USC's School of Cinematic Arts announces plan to remove John Wayne exhibit

The late actor attended USC in the 1920s

The University of Southern California's School of Cinematic Arts announced its decision on Friday to remove a John Wayne exhibit from its main building.

Assistant Dean of Diversity and Inclusion Evan Hughes explained the school's decision in a memo shared on Twitter.

"I am writing to update you on plans for the Wayne exhibit, located in the main building of the School of Cinematic Arts Complex. Conversations about systemic racism in our cultural institutions along with the recent global, civil uprising by the Black Lives Matter Movement require that we consider the role our School can play as a change maker in promoting antiracist cultural values and experiences. Therefore, it has been decided that the Wayne Exhibit will be removed," the statement begins.

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Hughes said the school is "grateful" to students who expressed their thoughts on the topic. He also confirmed that material from the exhibit will be moved to the Cinematic Arts Library archives "where other artifacts and papers of influential Hollywood figures reside for the purpose of research and scholarship."

According to the Los Angeles Times, students protested the Wayne exhibit in the fall of last year, arguing that the school would be "endorsing white supremacy" if they kept it.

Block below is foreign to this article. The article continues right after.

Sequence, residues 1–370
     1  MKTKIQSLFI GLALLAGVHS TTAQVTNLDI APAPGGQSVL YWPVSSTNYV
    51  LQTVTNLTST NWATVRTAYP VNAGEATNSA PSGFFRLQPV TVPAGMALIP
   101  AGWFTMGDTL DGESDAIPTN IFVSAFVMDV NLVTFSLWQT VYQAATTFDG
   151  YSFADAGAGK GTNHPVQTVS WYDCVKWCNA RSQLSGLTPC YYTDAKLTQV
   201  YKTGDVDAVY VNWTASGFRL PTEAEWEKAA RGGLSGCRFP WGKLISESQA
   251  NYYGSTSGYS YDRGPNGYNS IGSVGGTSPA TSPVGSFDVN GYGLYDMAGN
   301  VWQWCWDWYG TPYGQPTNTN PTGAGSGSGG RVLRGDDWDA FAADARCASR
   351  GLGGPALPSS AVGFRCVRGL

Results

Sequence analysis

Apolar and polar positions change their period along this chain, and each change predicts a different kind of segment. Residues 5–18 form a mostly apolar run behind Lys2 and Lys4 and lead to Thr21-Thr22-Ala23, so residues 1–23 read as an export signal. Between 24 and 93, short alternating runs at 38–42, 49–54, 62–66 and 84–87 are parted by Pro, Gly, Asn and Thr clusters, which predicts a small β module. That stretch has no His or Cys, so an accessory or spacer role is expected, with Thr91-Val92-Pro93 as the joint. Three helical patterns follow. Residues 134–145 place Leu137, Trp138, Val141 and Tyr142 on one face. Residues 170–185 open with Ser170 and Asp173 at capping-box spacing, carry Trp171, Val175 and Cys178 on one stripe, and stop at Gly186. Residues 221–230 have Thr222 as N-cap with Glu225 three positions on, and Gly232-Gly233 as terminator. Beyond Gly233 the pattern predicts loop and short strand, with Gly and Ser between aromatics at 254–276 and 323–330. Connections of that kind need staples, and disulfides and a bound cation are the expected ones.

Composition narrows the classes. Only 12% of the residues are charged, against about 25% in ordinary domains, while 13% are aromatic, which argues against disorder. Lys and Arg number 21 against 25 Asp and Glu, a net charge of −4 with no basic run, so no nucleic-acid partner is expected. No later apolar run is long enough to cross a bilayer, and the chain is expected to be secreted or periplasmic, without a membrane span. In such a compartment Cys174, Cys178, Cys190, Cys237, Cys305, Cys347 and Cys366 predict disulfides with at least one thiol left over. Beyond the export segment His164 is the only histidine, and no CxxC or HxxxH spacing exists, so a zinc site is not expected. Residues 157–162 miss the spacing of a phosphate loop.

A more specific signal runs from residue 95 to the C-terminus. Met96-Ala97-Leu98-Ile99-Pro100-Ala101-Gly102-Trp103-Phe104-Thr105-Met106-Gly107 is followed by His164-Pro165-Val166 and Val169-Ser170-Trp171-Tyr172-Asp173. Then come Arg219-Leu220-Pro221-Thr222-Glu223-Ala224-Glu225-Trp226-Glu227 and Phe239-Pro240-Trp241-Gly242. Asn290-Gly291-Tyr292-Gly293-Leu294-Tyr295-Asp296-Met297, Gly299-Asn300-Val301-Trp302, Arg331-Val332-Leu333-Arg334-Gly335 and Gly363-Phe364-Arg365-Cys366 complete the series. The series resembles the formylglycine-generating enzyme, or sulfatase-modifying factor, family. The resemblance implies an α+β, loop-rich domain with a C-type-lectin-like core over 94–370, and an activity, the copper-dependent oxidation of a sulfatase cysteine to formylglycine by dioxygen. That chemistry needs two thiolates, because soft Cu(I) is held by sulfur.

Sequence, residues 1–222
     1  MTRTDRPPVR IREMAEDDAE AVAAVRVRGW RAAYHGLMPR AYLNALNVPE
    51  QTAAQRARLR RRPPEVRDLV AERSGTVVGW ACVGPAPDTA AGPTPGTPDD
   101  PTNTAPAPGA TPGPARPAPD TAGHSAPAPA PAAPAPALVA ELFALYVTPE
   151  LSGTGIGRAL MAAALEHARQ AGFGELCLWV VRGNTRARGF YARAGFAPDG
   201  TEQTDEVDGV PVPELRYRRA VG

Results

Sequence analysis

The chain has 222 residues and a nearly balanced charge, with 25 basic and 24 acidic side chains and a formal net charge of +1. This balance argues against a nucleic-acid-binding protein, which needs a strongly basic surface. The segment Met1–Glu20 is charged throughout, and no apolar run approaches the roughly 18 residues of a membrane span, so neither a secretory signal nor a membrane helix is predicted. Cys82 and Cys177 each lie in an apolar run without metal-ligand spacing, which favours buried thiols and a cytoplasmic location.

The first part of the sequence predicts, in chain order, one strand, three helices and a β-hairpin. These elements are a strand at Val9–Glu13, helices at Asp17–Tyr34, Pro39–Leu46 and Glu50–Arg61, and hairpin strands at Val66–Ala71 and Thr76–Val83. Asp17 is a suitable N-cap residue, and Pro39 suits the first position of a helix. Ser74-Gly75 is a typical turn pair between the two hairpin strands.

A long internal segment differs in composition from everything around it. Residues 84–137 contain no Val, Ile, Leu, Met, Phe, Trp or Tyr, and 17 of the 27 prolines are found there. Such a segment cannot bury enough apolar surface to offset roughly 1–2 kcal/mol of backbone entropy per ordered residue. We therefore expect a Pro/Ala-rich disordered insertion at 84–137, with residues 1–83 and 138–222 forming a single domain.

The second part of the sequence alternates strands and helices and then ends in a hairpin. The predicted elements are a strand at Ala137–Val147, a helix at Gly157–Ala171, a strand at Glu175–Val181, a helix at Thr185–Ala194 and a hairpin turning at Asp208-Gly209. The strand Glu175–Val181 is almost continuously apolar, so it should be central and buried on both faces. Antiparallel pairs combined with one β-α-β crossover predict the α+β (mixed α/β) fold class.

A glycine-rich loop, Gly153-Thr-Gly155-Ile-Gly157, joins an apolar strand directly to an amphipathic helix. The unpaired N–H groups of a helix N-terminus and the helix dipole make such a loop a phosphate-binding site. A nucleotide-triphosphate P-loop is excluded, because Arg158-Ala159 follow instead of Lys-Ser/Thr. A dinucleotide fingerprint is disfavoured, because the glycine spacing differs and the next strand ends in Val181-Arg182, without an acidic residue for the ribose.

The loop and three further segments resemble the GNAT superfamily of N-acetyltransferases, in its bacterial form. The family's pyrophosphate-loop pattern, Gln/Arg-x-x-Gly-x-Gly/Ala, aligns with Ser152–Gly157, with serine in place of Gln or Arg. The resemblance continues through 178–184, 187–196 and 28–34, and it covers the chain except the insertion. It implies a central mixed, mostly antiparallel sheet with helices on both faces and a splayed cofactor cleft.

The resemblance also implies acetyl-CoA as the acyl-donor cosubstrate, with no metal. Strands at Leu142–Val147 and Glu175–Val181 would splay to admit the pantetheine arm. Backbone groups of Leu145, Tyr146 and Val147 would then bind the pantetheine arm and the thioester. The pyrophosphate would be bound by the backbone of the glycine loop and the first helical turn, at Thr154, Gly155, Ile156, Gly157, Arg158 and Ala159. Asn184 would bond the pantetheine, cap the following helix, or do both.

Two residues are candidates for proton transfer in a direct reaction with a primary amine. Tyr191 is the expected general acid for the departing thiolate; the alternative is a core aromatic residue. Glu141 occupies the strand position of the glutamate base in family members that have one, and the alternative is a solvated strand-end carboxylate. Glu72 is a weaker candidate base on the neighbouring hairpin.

Wayne attended USC in the 1920s and was a member of the football team.

The decision comes a little over two weeks after California Democrats in Orange County called for the renaming of the John Wayne Airport. The resolution, which was passed, asks the county's board of supervisors to restore the name to Orange County Airport.

John Wayne Airport in Santa Ana, Orange County, Southern California.

John Wayne Airport in Santa Ana, Orange County, Southern California. (iStock)

Demands for Wayne's name and likeness to be removed from various places across the country cite the late actor's 1971 interview with Playboy in which he was quoted saying he believes in white supremacy.

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The late icon's youngest son, Ethan Wayne, released a statement following theairaprot controversy, stating that his father "did not support 'white supremacy' in any way."

Ethan went on to say his deceased father "believed that responsible people should gain power without the use of violence."